Cory Bernardi’s Background and Beliefs

Cory Bernardi’s Background and Beliefs, by Charis Chang.

Mr Bernardi is known for being a conservative and for having strict Roman Catholic views, but the former stockbroker and financial adviser, has also been a critic of big government and high taxes. …

Background:

Mr Bernardi’s father Leon Bernardi was an Italian immigration who arrived in Australia at age 16 and worked his way from the David Jones food counter to running his own hotels and restaurants. …

While at university, he was selected for a rowing scholarship and went on to represent Australia at the world championships in the former Yugoslavia in 1989.

Later he worked as a labourer with a German construction company that put up marquees for international events, including a political conference held by then Libyan President Muammar Gaddafi. …

He started working as a stockbroker and financial adviser, and with the backing of right-wing faction leader and South Australian senator Nick Minchin, Mr Bernardi became the Liberal Party’s youngest South Australian state president in 1998, and the youngest federal vice-president in 2005. He entered the Senate in 2006.

According to The Monthly, Mr Bernardi’s grandfather was a trade unionist and Labor man …

Some distinguishing beliefs:

He has called asylum-seekers “welfare squatters” and criticised the government for flying refugees (whose relatives were killed in 2010 when their asylum seeker boat crashed on to Christmas Island) to Sydney to attend the funerals.

After being elevated to shadow parliamentary secretary assisting the opposition leader by Mr Abbott, Mr Bernardi resigned in 2012 after suggesting that legalising same-sex marriage could lead to demands to legalise bestiality and polygamy. …

Mr Bernardi defended anti-Islam Dutch MP Geert Wilders ahead of a visit in 2015 to launch a new political party called the Australian Liberty Alliance, which advocates against the “Islamisation of Australia”. Mr Bernardi was earlier rebuked by the Liberal leadership in 2013 for his support of Mr Wilders.

In a 2011 article, Mr Bernardi wrote about why the ideology of Islam was so dangerous and the failure of multiculturalism.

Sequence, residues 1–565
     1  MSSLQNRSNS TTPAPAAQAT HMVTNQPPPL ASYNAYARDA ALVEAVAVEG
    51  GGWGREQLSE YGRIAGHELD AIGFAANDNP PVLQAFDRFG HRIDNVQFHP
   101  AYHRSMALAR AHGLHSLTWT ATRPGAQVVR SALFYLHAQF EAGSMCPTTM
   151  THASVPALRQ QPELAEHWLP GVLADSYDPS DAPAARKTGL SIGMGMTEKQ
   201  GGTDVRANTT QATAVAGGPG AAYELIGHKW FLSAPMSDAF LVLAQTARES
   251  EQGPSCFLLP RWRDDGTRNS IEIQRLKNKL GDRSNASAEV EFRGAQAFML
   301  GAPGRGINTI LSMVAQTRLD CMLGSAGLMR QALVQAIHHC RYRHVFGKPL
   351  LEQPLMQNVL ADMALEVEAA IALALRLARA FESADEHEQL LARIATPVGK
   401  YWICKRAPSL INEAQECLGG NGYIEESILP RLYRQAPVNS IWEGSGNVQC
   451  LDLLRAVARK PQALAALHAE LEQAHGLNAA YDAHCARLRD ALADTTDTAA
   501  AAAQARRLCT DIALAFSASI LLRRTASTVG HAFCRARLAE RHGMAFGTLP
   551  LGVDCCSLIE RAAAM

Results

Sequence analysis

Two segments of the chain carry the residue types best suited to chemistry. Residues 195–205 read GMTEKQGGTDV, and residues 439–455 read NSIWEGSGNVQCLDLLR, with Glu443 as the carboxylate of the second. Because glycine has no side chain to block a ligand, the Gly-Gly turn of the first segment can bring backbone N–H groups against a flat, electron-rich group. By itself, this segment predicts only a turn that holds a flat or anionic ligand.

“Things have changed. Across the world there have been new waves of immigrants who have decided that their greatest allegiance is to the religious and political ideology of Islam rather than to their adopted land,” he wrote.

“Their insistence of consuming halal food means that in many countries (including Australia) most of us are unknowingly eating food slaughtered in the name of Allah. I, for one, don’t want to eat meat butchered in the name of an ideology that is mired in sixth century brutality and is an anathema to my own values.” …

The senator has called for the burqa to be banned and sparked criticism in 2014 when he tweeted about the head covering being a “shroud of oppression”. …

During his 2006 maiden speech, the-father-of-two said the mainstream of Australia had clearly rejected the so-called “rights” that were at odds with the country’s laws and traditions.

“I know of childcare centres in Adelaide where management were so worried about offending non-Christian children they decided to ban Christmas celebrations,” he said.

He also spoke about “one element of the natural law: the act of marriage”.

“Marriage is not a right; it was not invented — marriage simply is,” he said. “Marriage has been reserved as a sacred bond between a man and a woman across times, across cultures and across very different religious beliefs.”

hat-tip Stephen Neil